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Sickle cell disease is a serious disease in which the body makes sickle-shaped red blood cells. “Sickle-shaped” means that the red blood cells are shaped like a backwards “C”.
Normal red blood cells are disc-shaped and look like doughnuts without holes in the center. They move easily through your blood vessels. Red blood cells contain the protein hemoglobin (HEE-muh-glow-bin). This iron-rich protein gives blood its red color and carries oxygen from the lungs to the rest of the body
Sickle cell disease is inherited. People who have the disease inherit two copies of the sickle cell gene—one from each parent. Two copies of the sickle cell gene are needed for the body to make the abnormal hemoglobin found in sickle cell anemia.
If you inherit only one copy of the sickle cell gene (from one parent), you will not have sickle cell disease. Instead, you will have sickle cell trait. People who have sickle cell trait usually have no symptoms and lead normal lives. However, they can pass the sickle cell gene to their children.
Sickle cell disease affects millions of people throughout the world. It is particularly common among people whose ancestors come from sub- Saharan Africa; Spanish speaking regions (South America, Cuba, Central America); Saudi Arabia; India; and Mediterranean countries, such as Turkey, Greece, and Italy.
In the United States, it affects approximately 100,000 people, most of whose ancestors, come from Africa. The disease occurs in approximately 1 in every 500 African-American births and 1 in every 900 Hispanic American births. Approximately 2 million Americans, or 1 in 12 African Americans, and 1 in 16 Hispanic carry the sickle cell trait.
The signs and symptoms of sickle cell disease vary. Some people have mild symptoms. Others have very severe symptoms and often are hospitalized for treatment. Sickle cell disease is present at birth, but many infants don’t show any signs until after 4 months of age. The most common signs and symptoms are linked to anemia and pain. Other signs and symptoms are linked to the disease’s complications.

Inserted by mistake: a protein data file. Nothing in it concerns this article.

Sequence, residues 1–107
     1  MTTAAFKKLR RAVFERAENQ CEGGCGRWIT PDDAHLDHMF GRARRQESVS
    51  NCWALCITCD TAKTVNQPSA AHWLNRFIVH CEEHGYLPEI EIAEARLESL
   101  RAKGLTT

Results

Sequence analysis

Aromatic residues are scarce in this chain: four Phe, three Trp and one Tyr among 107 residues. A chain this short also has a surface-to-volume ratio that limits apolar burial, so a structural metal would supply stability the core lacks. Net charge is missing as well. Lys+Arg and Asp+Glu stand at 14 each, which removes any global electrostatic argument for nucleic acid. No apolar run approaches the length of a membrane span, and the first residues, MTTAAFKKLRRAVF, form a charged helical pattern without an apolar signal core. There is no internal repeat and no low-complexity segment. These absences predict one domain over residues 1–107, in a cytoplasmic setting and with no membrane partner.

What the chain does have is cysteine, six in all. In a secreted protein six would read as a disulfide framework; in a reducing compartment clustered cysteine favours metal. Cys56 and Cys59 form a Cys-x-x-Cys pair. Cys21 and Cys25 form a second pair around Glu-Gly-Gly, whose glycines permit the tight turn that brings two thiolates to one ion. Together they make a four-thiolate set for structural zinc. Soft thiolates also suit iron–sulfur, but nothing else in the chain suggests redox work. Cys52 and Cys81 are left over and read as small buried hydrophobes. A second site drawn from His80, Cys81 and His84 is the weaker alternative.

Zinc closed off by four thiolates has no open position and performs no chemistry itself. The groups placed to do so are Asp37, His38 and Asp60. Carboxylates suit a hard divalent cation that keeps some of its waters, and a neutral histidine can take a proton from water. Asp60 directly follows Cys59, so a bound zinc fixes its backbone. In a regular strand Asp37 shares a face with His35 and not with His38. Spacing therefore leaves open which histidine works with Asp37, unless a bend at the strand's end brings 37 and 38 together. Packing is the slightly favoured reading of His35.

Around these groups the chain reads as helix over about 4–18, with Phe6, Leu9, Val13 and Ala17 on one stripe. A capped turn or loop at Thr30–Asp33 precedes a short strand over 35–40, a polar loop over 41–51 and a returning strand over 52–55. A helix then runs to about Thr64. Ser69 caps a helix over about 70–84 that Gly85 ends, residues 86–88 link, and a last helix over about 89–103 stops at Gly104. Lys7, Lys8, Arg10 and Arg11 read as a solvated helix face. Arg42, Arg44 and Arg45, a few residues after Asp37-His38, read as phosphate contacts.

Early diagnosis of sickle cell disease is critical so that children who have the disease can receive proper treatment. All 50 states and the District of Columbia now perform a simple, inexpensive blood test for sickle cell disease on all newborn infants. This test is performed at the same time and from the same blood sample as other routine newborn screening tests. Hemoglobin electrophoresis is the most widely used diagnostic test.
If the test shows the presence of sickle hemoglobin, a second blood test is performed to confirm the diagnosis. These tests also tell whether the child carries the sickle cell trait.
Yes. It is possible for doctors to diagnose sickle cell disease before birth. This is done using a sample of amniotic fluid or tissue taken from the placenta. (Amniotic fluid is the fluid in the sac surrounding a growing embryo. The placenta is the organ that attaches the umbilical cord to the mother’s womb.) This test can be done as early as the first few months of pregnancy. The test looks for the sickle cell gene, rather than the hemoglobin that the gene makes.
Chorionic Villus Sampling or CVS, is also another prenatal test. CVS is a test done during early pregnancy that can find certain genetic problems with the fetus. The test is commonly done when either you or the baby biology father has a disease that runs in the family. The test can be done as early as 10 to 12 weeks. You should consult with your physician for further information.
The goals of treating sickle cell disease are to relieve pain; prevent infections, eye damage, and strokes; and control complications (if they occur). A drug called Hydroxyurea (Hy-drox-y-urea) has been shown to reduce many of the complications related to sickle cell disease. Another drug, Endari, was approved by the Food and Drug Administration (FDA) in the summer of 2017. Endari, during testing, was shown to reduce the number of sickle cell pain crises. Other than Hydroxyurea and Endari, patients are treated with various pain control medicines depending on the severity of the pain.
Sickle cell disease has no widely available cure. Bone marrow transplants have cured sickle cell disease in a small number of cases. Researchers continue to look for new treatments for the disease. These include gene therapy and improved bone marrow transplants.
How can family and friends of someone with sickle cell disease help them cope? Sickle cell patients and their families may need help in handling the economic and psychological stresses of coping with this serious chronic disease. Sickle cell centers and clinics can provide information and counseling on handling these problems. Parents should try to learn as much about the disease as possible so that they can recognize early signs of complications and seek early treatment.
With good health care, many people who have sickle cell disease live productive lives. They also can have reasonably good health much of the time and live longer today than in the past. Many people who have sickle cell disease now live into their fifties or longer.
If you have sickle cell disease, it’s important to:
- Make sure you see a hematologist who is an expert in sickle cell disease
- Adopt or maintain a healthy lifestyle
- Take steps to prevent and control complications
- Learn safe ways to cope with pain